512 Core GeForce GTX 480 Reviewed. Any surprises?
8/13/2010 by: Theo Valich
As the yields of GF100 chips are improving, the time is approaching to see parts with all 16 clusters, i.e. all 512 cores enabled. ExPreview got the scoop and posted the first [pre-]review of the GeForce GTX 480/512 i.e. rumored GTX 485.
Even though the final production version of the GTX 480/512, "GTX 485" will likely see higher clocks, ExPreview tested the product at GTX 480 stock clocks. The biggest difference between the two parts comes with the evolved PCB [Printed Circuit Board], which includes the highest quality power circuitry featuring KEMET Tantalum capacitors.
These costly capacitors come hand in hand with what we can call world's first dual 8-pin PEG connector on a card with a single GPU [not necessarily a good thing].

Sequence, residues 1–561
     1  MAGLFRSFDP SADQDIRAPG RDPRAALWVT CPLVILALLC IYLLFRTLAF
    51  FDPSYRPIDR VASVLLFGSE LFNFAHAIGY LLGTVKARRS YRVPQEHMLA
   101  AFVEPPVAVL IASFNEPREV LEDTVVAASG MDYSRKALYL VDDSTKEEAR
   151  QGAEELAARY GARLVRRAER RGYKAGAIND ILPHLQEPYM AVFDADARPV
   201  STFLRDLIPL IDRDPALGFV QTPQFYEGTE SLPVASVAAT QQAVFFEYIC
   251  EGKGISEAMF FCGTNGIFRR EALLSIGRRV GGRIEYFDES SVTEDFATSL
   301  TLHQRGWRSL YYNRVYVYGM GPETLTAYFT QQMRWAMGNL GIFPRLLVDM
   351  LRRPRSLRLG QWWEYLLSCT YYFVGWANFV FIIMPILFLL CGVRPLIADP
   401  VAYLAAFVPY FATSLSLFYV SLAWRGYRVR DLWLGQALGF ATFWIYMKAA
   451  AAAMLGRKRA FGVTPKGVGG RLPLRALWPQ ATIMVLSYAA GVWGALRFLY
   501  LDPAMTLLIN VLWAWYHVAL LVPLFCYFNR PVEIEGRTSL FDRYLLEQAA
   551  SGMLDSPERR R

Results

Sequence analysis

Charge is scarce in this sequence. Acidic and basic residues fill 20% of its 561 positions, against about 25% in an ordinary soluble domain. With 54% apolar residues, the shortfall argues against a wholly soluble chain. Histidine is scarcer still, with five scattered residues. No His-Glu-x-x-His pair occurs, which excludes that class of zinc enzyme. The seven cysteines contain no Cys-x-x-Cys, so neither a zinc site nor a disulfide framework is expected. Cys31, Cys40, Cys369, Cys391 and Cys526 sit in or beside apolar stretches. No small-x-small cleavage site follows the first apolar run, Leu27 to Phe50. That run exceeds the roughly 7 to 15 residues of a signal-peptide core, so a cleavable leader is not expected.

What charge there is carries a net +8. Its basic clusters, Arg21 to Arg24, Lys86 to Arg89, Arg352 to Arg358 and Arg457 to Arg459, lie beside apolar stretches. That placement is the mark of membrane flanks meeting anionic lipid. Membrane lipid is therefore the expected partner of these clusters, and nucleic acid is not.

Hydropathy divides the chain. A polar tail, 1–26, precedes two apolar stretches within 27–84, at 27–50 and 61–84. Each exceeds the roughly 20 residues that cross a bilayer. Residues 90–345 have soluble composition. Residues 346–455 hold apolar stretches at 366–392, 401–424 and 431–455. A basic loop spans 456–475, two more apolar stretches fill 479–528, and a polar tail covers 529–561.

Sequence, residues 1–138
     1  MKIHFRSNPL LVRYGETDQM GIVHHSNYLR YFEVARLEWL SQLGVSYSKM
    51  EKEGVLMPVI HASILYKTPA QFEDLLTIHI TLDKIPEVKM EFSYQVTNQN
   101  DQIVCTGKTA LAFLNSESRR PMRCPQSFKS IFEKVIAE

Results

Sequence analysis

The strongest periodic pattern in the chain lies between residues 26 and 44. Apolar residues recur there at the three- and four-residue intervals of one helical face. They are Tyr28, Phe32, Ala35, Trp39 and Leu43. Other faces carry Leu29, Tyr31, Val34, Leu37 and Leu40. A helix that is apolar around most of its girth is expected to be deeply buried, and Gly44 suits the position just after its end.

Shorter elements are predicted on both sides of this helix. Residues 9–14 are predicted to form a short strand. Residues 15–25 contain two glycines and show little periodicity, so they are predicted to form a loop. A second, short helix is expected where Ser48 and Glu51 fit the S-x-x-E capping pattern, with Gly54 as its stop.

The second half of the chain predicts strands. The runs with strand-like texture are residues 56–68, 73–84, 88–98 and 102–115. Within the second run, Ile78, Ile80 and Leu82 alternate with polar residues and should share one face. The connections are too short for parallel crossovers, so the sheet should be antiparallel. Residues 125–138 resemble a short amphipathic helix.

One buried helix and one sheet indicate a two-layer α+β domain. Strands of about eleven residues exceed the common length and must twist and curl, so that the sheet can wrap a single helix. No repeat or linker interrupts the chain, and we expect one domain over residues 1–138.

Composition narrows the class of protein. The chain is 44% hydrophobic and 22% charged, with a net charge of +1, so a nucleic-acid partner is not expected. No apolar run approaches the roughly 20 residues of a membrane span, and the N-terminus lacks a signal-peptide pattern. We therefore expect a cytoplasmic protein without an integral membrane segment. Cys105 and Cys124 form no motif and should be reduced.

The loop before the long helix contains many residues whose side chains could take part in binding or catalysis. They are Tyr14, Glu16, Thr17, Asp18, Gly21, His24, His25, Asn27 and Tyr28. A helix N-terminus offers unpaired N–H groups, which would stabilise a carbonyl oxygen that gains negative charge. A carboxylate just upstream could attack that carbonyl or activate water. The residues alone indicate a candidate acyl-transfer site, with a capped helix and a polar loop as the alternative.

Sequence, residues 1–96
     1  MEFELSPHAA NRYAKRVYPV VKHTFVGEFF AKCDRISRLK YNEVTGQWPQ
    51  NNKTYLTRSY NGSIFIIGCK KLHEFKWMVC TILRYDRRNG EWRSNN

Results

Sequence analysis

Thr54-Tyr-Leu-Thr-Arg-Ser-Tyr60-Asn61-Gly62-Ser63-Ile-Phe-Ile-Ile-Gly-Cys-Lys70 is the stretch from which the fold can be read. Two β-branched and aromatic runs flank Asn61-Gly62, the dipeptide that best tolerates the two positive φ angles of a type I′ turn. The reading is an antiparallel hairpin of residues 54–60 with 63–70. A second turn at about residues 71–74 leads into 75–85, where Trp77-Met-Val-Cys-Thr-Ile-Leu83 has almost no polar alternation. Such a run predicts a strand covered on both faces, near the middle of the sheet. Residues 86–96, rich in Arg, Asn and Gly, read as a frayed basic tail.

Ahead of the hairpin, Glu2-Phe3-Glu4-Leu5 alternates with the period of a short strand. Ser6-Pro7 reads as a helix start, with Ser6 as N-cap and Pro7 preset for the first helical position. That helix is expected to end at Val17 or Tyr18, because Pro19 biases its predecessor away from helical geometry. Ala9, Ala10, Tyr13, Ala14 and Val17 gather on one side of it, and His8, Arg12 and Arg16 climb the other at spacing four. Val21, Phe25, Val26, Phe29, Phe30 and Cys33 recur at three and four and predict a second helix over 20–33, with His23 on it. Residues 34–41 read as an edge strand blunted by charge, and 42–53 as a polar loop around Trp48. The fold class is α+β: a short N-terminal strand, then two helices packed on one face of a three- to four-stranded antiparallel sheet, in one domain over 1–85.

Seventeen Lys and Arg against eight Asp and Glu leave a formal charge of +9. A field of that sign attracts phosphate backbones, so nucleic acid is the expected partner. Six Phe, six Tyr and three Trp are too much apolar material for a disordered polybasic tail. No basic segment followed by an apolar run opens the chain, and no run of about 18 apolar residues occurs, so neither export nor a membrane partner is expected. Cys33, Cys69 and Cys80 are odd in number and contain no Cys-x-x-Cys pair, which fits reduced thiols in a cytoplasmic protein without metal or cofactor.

That means this board can consume up to 375 Watts, and that passes the PCIe spec of 300W per single PCIe part. It is obvious that this part won't enter the standard OEM manufacturers that have strict guidelines, but enthusiast vendors will probably carry the bulk of GTX 480/512 anyways.
Seeing an Arctic Cooling Accelero Xtreme is just a smoke and mirrors tactic: nVidia changed the look'n'feel of reference cooler, replacing its long standing "blower" with a centrally positioned large-diameter fan. Thus, that cooler can be viewed as a way to protect the source.
Performance-wise, same clocks and all 16 clusters didn't exactly created a lot of magic: on average, the new part was only 5.67% faster than the version with 480 cores.
GTX 480, GeForce, NVIDIA, NVDA, Fermi, GF100, SM, GPC, unclock, GeForce unlocked, Arctic Cooling, Accelero,
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